The STI H4 hypothesis, complementing the three preceding scenarios, leads us to imagine a fourth woesome scenario, and a fifth one offering some avenues to avoid extinction.

Pervasus-style civilizations

It is not difficult to imagine advanced civilizations that have developed their artificial networks to the point of making them entirely pervasive—that is, connected to the least vital and cognitive functions of all members of their population. It is also not difficult to imagine that these networks are exclusively controlled by a very small dominant class, which would ensure that it introduces all the biases necessary to maintain its dominance in the algorithms regulating the behaviour of the network and each of its agents.

A predictable consequence is that the class structure of such an extraterrestrial civilization would be totally crystallized. In other words, this would lead to a type of society that the sociologist Niklas Luhmann analyzes as a particular case of autopoietic system (self-referential), based on a single dichotomous code—inside/outside (Luhmann, 2011).

The characteristic of such systems is their extreme fragility in the face of change, due to a lack of capacity for variation and mutation. It is therefore probable that a Pervasus-style civilization would disappear fairly quickly on the occasion of the various environmental shocks or internal disturbances which would most likely happen.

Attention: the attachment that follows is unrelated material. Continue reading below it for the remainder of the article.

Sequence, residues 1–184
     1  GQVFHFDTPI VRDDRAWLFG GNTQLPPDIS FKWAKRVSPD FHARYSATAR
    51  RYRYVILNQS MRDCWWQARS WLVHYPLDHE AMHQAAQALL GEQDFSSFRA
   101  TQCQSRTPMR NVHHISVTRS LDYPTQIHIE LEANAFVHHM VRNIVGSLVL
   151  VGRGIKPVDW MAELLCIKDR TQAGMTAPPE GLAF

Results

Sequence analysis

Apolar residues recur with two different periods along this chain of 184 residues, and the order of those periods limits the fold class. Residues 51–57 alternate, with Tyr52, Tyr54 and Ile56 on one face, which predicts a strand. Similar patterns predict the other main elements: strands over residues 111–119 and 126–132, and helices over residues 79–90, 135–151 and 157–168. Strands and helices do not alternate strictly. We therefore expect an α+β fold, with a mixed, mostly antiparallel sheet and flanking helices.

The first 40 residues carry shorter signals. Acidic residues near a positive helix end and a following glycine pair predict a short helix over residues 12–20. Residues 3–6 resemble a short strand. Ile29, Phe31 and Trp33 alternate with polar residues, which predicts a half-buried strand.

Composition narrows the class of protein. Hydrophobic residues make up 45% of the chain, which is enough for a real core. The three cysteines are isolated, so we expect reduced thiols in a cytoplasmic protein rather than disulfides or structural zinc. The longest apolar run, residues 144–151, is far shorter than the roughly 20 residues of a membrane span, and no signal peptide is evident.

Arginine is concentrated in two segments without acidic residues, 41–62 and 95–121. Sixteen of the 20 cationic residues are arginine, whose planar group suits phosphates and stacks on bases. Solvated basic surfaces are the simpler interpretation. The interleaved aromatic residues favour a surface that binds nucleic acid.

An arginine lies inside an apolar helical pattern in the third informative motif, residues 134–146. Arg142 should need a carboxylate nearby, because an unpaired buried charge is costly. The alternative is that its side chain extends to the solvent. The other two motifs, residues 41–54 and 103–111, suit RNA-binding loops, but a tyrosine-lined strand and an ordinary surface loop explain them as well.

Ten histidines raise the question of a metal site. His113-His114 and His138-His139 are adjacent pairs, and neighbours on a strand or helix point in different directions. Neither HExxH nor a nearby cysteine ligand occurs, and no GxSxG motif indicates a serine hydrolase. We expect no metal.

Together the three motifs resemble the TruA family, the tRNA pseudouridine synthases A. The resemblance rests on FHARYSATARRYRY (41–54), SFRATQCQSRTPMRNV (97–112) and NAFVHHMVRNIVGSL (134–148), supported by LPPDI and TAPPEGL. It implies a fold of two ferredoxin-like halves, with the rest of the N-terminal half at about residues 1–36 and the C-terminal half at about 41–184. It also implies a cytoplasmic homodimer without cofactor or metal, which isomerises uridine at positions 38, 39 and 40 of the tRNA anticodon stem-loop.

Legitimus-style civilizations

Let us now imagine the evolution of highly developed extraterrestrial civilizations that have initiated large-scale STI programs. Within a few decades or a few centuries, all the intelligent entities comprising a civilization of this type would have integrated the four STI hypotheses. In particular, they would have understood the nature of the information linking them, its consequences in terms of social structure, the influence of network topology and, therefore, the dangers presented by the previous scenarios.

They would also have done all kinds of experiments on their networks to try to understand their dynamics. In particular, they would have extensively practiced a contemplative game such as the Poietic Generator (known on Earth in an embryonic form), which would have helped them to take a step back on the functioning of the networks. This would also have given them the idea of adding two new assumptions to their STI program, to clarify the evolutionary laws of their networks.

HAS Magazine 01: Big Data and Singularities – Olivier Auber – Poietic Generator (20141211) from HUMANITIES ARTS AND SOCIETY on Vimeo.